What just happened? Samsung's quarterly earnings guidance has illustrated the impact of the global economic downturn and weakening consumer demand, with the Korean giant facing its lowest operating profits in eight years. The situation isn't expected to improve anytime soon, either; analysts believe profits will shrink again in the current quarter.

Samsung's broad portfolio had seen it weather global industry crises in the past, including the chip shortage in 2021 when its earnings reached a new record. But according to preliminary estimates, operating profit for the October to December quarter fell 69% year-on-year from 13.87 trillion Korean won (around $10.9 billion) to 4.3 trillion Korean won (around $3.4 billion), marking the company's smallest quarterly profit since the third quarter of 2014.

Samsung's semiconductor business has long been responsible for most of the company's revenue and profits. But the fall in demand for DRAM and NAND chips has resulted falling contract prices and oversupply. Global DRAM revenue is down nearly 30%, the biggest decline since the 2008 financial crisis, and rival memory makers SK Hynix, Kioxia, and Micron have all announced plans to reduce production and capital expenditure this year.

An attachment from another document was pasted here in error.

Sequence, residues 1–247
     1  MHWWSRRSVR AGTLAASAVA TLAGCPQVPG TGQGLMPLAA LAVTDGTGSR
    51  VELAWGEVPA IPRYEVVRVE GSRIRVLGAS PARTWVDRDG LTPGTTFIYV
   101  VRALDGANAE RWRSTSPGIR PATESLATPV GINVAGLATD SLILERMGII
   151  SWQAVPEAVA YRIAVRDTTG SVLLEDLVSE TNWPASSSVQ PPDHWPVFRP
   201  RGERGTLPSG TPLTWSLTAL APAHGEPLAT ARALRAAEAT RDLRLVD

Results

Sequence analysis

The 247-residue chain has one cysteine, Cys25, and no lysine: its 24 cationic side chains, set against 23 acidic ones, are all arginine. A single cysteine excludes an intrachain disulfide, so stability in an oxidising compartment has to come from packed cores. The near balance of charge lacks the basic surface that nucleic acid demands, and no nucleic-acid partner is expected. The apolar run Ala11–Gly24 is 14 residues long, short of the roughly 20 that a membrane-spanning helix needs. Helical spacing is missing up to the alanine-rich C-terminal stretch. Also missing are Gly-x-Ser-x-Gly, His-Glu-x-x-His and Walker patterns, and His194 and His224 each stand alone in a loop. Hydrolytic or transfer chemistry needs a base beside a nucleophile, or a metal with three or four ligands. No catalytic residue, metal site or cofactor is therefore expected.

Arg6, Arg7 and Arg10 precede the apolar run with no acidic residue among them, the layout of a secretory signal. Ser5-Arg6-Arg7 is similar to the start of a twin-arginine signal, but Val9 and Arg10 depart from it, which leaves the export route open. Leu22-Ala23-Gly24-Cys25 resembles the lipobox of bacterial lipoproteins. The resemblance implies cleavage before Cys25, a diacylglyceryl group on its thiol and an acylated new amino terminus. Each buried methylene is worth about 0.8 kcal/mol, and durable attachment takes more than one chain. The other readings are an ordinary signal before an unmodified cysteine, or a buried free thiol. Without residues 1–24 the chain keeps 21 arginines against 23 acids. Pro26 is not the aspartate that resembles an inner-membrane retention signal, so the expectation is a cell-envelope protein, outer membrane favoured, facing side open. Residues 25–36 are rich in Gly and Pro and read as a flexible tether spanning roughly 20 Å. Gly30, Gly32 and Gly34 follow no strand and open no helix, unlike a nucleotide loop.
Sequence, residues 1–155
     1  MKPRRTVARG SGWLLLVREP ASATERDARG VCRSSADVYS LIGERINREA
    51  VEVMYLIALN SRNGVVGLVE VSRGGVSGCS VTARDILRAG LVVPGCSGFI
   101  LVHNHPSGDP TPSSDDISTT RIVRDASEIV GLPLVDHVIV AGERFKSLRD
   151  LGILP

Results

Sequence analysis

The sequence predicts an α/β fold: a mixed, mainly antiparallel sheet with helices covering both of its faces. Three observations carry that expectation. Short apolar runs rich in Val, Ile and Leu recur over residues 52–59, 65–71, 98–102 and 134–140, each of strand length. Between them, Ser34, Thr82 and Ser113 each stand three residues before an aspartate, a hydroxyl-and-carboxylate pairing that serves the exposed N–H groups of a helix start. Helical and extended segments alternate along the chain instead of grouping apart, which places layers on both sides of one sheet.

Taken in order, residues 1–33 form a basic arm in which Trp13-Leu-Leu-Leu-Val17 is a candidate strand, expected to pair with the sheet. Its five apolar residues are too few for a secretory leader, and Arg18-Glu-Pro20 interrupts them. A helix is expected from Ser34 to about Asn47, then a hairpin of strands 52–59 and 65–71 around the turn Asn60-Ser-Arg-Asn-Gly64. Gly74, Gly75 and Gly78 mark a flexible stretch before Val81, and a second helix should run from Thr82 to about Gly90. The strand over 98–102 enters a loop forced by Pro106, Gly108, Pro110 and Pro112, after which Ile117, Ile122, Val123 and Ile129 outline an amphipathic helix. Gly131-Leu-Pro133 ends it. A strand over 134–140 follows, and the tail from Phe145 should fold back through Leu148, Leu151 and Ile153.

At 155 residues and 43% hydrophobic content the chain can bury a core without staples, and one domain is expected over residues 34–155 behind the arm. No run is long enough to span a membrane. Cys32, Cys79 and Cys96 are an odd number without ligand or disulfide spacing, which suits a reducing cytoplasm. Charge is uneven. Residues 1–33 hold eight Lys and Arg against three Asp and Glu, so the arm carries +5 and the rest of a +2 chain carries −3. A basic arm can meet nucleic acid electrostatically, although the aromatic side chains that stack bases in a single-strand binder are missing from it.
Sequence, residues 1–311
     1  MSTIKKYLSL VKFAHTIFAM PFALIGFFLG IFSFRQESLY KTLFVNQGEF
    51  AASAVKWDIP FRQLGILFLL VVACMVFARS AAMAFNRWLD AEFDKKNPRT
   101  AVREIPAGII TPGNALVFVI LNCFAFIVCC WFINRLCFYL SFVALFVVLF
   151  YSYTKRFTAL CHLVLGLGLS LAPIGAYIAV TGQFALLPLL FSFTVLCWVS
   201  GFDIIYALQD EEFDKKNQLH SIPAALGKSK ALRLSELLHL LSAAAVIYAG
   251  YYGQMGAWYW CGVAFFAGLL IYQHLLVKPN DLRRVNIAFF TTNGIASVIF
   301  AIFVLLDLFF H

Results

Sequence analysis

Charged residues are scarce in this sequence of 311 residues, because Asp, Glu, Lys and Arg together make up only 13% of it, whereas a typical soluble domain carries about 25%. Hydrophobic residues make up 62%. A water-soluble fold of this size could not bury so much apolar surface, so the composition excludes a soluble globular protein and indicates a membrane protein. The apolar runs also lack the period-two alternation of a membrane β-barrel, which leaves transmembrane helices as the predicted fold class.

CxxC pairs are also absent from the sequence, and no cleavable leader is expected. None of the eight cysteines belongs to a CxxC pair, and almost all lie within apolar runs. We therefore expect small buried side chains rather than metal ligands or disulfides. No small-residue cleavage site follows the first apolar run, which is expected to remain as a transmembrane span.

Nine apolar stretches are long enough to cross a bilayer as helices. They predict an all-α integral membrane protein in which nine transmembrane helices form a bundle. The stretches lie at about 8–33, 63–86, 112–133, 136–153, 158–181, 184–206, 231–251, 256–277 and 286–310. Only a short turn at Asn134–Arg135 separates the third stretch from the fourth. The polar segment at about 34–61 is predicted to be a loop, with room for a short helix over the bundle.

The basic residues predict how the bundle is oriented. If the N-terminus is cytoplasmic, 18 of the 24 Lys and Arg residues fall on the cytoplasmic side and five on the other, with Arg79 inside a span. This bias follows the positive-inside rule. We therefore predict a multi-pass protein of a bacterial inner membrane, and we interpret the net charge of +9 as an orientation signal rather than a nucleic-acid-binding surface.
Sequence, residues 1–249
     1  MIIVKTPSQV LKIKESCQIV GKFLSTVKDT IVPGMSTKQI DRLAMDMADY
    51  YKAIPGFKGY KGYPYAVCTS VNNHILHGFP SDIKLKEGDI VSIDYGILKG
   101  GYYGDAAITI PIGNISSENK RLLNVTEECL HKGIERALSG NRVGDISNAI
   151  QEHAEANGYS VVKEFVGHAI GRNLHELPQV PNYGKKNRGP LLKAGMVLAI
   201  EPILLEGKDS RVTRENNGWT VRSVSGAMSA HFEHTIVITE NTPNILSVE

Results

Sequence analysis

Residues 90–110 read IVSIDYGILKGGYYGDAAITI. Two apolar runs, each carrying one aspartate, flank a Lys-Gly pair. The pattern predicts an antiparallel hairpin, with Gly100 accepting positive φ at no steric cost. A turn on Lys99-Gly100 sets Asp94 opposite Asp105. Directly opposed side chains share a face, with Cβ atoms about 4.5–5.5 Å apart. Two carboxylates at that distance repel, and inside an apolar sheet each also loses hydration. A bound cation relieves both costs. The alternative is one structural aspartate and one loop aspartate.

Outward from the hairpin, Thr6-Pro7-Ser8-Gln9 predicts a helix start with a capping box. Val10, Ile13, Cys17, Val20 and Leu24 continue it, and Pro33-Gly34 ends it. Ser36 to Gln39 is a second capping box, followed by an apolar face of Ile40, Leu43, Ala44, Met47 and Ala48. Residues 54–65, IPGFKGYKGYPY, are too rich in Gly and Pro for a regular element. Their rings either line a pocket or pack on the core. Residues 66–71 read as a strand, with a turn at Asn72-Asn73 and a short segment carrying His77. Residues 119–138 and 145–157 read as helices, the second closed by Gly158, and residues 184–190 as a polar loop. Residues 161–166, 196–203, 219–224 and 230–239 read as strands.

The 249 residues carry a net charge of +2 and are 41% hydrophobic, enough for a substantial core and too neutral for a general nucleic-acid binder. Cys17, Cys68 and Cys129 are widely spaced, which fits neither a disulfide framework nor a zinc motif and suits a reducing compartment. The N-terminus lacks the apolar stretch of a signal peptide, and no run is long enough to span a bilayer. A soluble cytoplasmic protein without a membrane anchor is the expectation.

Smartphones, Samsung's other big earner, is also suffering. IDC data had Samsung leading the market with 64 million handsets shipped in the third quarter, but that was still down 7.8% YoY. With inflation and the cost of living continuing to rise, along with more companies laying off record numbers of staff, consumers are less willing to make big purchases on non-essentials such as tech devices.

"Amid continued external uncertainties, including a potential global economic downturn, overall earnings decreased sharply quarter on quarter as we saw a significant drop in the memory business results due to lackluster demand and weaker sales of smartphones," Samsung said in a statement.

Samsung and other big chip makers are also dealing with the escalating semiconductor war taking place between the US and China. US sanctions introduced late last year restrict shipments of American-made electronics or other items that China could use to create chipmaking tools or equipment. They also prevent non-Chinese companies in other countries from using American equipment to service Chinese customers unless granted a license by the US. TSMC, Samsung, and SK Hynix have all been granted one-year licenses that will allow them to maintain or expand their Chinese factories, but fears remain that the US could introduce tighter restrictions